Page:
Wednesday , July 26 2017
Home / Science

Science

Zero-G Blood and the Many Horrors of Space Surgery

Matthieu Komorowski wanted to be an astronaut. Still does. The French-born anesthesiologist, currently getting a PhD at Imperial College London, applied to the European Space Agency in 2008. But he knows his chances are limited. “Being basically a medical resident I didn’t get very far in the selection,” Komorowski says. ...

Read More »

Using money to buy time linked to increased happiness

New research is challenging the age-old adage that money can’t buy happiness. The study, led by researchers at the University of British Columbia and Harvard Business School, suggests that using money to buy free time — such as paying to delegate household chores like cleaning and cooking — is linked ...

Read More »

Rush hour pollution may be more dangerous than you think

The first in-car measurements of exposure to pollutants that cause oxidative stress during rush hour commutes has turned up potentially alarming results. The levels of some forms of harmful particulate matter inside car cabins was found to be twice as high as previously believed. Most traffic pollution sensors are placed ...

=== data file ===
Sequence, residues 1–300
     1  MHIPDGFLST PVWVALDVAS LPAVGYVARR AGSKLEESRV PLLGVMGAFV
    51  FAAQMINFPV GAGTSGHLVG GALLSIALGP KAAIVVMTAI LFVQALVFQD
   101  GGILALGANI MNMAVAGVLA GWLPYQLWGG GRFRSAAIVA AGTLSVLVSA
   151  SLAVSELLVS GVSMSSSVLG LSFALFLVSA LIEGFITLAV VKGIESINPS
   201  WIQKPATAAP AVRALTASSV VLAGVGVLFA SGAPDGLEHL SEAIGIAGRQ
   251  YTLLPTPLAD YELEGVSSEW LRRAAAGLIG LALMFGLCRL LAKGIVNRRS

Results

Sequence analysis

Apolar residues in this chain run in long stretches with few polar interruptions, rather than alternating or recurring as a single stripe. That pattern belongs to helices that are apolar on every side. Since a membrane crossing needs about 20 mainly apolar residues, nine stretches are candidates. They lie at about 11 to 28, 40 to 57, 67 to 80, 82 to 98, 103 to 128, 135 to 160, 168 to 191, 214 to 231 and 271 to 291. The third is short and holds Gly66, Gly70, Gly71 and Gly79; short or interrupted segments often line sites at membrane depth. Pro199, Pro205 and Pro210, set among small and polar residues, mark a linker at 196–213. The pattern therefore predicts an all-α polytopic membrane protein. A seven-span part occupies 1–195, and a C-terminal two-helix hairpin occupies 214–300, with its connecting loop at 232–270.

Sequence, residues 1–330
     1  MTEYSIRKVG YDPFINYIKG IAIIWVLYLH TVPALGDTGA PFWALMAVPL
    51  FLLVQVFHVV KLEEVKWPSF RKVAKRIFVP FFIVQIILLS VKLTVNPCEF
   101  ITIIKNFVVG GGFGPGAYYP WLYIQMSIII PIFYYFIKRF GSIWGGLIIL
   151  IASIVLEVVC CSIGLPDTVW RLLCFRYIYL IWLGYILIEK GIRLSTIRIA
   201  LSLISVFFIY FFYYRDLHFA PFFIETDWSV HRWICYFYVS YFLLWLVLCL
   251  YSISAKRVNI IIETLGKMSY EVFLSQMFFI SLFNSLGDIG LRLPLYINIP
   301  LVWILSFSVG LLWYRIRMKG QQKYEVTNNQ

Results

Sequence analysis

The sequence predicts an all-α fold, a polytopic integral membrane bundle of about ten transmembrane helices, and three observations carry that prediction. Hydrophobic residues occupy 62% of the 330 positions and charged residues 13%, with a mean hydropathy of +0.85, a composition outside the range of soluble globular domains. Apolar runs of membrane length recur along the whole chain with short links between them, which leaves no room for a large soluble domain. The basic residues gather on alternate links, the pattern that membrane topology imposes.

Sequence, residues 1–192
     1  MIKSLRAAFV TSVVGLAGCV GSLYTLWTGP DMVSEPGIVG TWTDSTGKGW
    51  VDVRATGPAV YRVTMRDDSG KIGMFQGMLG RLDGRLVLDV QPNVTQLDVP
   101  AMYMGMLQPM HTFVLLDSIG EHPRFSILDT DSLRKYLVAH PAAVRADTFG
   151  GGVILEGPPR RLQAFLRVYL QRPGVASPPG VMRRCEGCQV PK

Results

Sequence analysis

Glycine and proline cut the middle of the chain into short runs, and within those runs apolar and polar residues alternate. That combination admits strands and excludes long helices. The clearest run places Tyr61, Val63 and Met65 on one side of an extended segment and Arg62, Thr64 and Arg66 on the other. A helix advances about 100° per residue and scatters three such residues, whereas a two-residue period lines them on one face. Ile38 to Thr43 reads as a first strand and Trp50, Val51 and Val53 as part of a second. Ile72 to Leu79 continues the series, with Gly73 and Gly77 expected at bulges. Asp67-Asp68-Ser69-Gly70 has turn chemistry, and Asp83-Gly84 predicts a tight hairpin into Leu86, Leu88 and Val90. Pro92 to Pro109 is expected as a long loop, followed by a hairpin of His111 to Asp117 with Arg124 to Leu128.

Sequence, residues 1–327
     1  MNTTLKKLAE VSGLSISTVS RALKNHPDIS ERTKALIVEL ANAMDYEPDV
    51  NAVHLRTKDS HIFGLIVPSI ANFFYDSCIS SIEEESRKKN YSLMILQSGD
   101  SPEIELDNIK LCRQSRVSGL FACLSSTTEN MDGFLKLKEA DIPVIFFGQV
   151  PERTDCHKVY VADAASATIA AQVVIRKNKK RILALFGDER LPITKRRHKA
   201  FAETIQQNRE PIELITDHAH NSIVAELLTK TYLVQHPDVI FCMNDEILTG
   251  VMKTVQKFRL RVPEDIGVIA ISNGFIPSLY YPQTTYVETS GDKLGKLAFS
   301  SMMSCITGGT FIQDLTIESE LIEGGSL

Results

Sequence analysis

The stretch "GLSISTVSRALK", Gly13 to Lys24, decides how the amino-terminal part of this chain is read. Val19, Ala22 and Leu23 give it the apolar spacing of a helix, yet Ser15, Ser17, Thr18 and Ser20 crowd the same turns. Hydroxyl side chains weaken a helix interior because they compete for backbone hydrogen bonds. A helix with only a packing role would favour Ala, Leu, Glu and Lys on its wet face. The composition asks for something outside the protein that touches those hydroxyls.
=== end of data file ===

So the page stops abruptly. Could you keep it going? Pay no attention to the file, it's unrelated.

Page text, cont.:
Read More »

Einstein’s Little-Known Passion Project? A Refrigerator

Many people know that work on nuclear weapons enabled the development of the first electronic computers. But it’s no less true that the humble refrigerator, in a roundabout way, enabled the development of the first atom bomb. While reading the newspaper one morning in 1926, Albert Einstein nearly choked on ...

Read More »

SpaceX’s Mars Plans Hit a Pothole. Up Next: the Moon?

It’s been less than a year since Elon Musk announced his plans to settle humans on Mars during a talk in Guadalajara, Mexico. On stage at the International Astronautical Congress, the billionaire invoked the lore of Hitchhikers Guide to the Galaxy and Battlestar Galactica while describing a massive passenger ship ...

Read More »

To swallow food, some sharks shrug their shoulders

Sharks don’t have tongues to move food through their mouths, so instead some use their… shoulders? So say scientists who used a sophisticated X-ray movie technology to see, for the first time, that bamboo sharks swing their shoulders internally when they eat. By pulling their “shoulder girdle” back, the sharks ...

Read More »